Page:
Now open the serial console in the Arduino IDE and see if there is output when you turn the ESPaper module on (e.g. by using the ON/OFF switch). This can look like garbage, but if you see characters your computer is capable of talking to the device.

Install libraries§

The ThingPulse ESPaper depends on a number of other libraries. They need to be made available to the Arduino IDE for them to be compiled and linked into the final application.

Go to Sketch > Include Library... > Manage Libraries.... Then, for each library, put its name into the text field to have its metadata pulled from the internet and displayed below. Select the latest version and install it. Make sure to come back to this dialog from time to time to keep each library up to date. Also make sure that you only have one version of each of the libraries installed.

Create Wunderground API key§

Important note regarding the use of Weather Underground data

The open-source software that ThingPulse provides for its devices relies on weather data pulled from Weather Underground. The standard setup process involves creating a Wunderground API key (documented below). The usage was free for up to 500 requests per day or 10 requests per minute.

In the evening of May 15th The Weather Company, a subsidiary of IBM, announced that it will no longer provide free weather API keys. There was no prior announcement and the change became effective immediately. It is unclear for how long existing keys will still be valid. As not even the tens of thousand of weather station owners who deliver their data to Wunderground for free will get a key to read their data back the uproar in the community is big.

For you this means that unless you already obtained a key from Wunderground you can not use the ready-made software for your ThingPulse device. We are very sorry, and furious, about this development but our hands are tied. The promise to our customers is that we will be working hard and not rest until we can offer an adequate alternative integration. We started working on a new service integration on May 19th.


So, again, as per the note above the instructions below became effectively void on May 15th. They remain here for the time being until the dust over this issue has fully settled.

As your device will be displaying data from Weather Underground you need an "API key" from them. It uniquely ties requests from your device(s) to your account and ensures that the number of requests remains withing your allotted quota.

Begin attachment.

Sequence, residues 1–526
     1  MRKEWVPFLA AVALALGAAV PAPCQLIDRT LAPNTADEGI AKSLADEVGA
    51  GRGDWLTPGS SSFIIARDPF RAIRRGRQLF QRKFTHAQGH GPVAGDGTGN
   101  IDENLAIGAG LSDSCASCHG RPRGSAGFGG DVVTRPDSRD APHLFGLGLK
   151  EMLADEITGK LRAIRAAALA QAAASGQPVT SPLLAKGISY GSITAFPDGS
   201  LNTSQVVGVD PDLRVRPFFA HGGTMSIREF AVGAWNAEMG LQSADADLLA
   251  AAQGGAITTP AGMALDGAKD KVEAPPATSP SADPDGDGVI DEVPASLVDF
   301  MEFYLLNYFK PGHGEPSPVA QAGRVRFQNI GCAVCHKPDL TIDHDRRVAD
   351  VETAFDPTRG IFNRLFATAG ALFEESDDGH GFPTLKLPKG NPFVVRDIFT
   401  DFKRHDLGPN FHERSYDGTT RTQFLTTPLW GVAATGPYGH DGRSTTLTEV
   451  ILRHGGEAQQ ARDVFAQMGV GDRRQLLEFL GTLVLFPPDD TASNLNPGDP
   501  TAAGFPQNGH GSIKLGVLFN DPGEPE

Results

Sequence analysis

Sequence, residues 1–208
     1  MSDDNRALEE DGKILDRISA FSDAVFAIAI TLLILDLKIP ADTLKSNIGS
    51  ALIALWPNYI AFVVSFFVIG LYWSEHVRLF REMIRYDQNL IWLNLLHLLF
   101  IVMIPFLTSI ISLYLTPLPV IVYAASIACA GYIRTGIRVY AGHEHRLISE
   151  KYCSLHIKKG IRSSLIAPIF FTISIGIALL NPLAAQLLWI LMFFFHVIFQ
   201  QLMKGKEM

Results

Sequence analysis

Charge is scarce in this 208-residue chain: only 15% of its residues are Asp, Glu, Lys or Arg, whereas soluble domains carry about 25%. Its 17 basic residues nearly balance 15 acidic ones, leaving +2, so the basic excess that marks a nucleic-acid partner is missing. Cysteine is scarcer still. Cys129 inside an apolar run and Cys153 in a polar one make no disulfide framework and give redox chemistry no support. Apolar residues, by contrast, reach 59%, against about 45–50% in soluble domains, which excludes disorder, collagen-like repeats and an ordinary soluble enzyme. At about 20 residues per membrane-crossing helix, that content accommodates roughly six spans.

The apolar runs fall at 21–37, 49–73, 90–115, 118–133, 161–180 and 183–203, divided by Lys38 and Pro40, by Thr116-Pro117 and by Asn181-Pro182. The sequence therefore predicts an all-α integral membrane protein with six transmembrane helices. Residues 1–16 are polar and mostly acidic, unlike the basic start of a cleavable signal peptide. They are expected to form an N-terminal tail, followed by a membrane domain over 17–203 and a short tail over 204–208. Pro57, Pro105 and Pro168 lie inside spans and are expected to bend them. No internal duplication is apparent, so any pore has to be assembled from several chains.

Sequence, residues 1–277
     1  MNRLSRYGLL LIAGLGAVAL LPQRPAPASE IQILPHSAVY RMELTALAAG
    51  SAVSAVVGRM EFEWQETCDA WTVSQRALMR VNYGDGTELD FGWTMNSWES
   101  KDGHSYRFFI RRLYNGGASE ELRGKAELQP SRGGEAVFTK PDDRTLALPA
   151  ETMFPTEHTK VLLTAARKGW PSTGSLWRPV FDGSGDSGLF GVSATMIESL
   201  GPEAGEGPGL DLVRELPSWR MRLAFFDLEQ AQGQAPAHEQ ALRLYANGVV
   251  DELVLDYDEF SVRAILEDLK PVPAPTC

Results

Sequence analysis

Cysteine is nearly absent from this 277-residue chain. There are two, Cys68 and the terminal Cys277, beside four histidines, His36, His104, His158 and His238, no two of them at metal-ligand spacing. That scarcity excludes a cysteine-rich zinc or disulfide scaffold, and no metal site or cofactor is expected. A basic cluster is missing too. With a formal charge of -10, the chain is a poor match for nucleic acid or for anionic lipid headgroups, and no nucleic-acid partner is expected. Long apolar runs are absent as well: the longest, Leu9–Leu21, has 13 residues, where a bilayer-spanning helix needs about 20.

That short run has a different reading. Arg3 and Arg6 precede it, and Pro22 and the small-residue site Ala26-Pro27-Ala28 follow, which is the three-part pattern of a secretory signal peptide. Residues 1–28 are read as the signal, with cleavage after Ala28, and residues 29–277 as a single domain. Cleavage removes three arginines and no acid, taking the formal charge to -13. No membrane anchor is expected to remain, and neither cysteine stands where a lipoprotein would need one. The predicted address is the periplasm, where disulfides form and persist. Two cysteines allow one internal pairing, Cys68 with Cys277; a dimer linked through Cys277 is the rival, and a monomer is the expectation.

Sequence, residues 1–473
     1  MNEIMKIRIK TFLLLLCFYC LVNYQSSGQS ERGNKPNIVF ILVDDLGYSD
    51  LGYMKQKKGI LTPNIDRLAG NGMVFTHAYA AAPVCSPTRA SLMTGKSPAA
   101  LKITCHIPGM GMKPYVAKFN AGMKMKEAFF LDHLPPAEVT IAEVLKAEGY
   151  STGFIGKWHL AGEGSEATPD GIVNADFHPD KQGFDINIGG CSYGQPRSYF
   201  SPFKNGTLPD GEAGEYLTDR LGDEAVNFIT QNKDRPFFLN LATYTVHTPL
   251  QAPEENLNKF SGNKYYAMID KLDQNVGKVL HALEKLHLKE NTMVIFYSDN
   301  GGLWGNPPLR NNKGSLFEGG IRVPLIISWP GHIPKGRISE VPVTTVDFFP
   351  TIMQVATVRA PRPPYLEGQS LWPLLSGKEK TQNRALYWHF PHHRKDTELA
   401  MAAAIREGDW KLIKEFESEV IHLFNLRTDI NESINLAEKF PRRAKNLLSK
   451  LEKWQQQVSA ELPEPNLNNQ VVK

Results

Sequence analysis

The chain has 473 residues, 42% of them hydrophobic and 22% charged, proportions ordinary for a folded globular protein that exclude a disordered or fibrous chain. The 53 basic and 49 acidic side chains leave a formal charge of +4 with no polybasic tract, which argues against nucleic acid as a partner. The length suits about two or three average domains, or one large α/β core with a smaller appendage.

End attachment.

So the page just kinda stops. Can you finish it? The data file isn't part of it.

• Go to
  • Select the "Stratus Plan".
  • Take note of the "Developer" rate limits and hit the "Purchase Key" (even if you do not actually purchase) button. Wunderground API plan overview
  • Fill in email and password to sign-up for a new account Wunderground sign up
  • Fill in required information about how you intend to use the API key Wunderground sign up

Once the API key is created you can come back to this page any time to regenerate or edit it.

If the instructions above are not detailed enough or if you would like more visual guidance there is a good video how-to at

ESPaper project§

With all the preparation done you will - finally, sigh - turn to the ESPaper weather station project itself. Fortunately, this last step is a rather simple one.

Obtain the code§

The ESPaper weather station project is, as all of ThingPulse's open-source code, publicly accessible on GitHub. Hence, there are two options to download the code:

Open project in Arduino IDE§

Configuration & customization§

In one of the tabs the IDE opened settings.h. Go through the file and adjust the two handful of configuration parameters. They are all documented inside the file directly. Everything should be self-explanatory. Most importantly you will need to set the Wunderground API key you obtained in a previous step.

Replace WIFI_SSID with the name of your WiFi network and WIFI_PASS with its password. While there are nice tools like the WifiManager which avoid storing the WiFi credentials in the firmware but they also take more time to connect to WiFi, which in turns reduces your battery life.

Copy the Wunderground API key you got in the previous step and assign it to WUNDERGRROUND_API_KEY. The value for WUNDERGROUND_COUNTRY can be a bit tricky to get right. In the US you usually set this to the state. Outside the US you usually use the ISO country code. A real challenge is WUNDERGROUND_CITY as the constraints are many (no non-ASCII characters, '_' for space, etc.). We recommend an explorative station search on Once you found the station you want to display data from take a look at the URL in the browser. It will be something like Extract the country code fr and the city name meaux and assign them to the respective variables in the settings file.

Change the UTC_OFFSET field according to your time zone. The value is the number of hours your timezone is ahead or behind UTC/GMT. If you are not sure about the DST rules look them up.

Put ESPaper into programming mode§

When we designed the ESPaper we valued energy efficiency higher than convenience for users. Of course, in the long run high efficiency is convenient as well as it reduces the re-charge interval. However, this means that the ESPaper module does not have this nice circuit which puts the integrated ESP8266 into programming mode when you click the upload button in the Arduino IDE. In order to program the chip we have to put it into programming mode manually. Below image is from an ESPaper Lite Kit but the process is the same:

  1. Press button S0
  2. Hold it down while pressing RESET
  3. Release RESET

Upload code to device§

The very last step really is to upload the code and all its dependencies to the device from the Arduino IDE. You do this through CTRL + U (⌘ + U on macOS) or Sketch > Upload or the right-arrow icon in the toolbar.

Should this fail make sure that there is a port selected in the tools menu. Disconnect the module from the programmer and reconnect it. Make sure that they are connected correctly. Put it into programming mode again.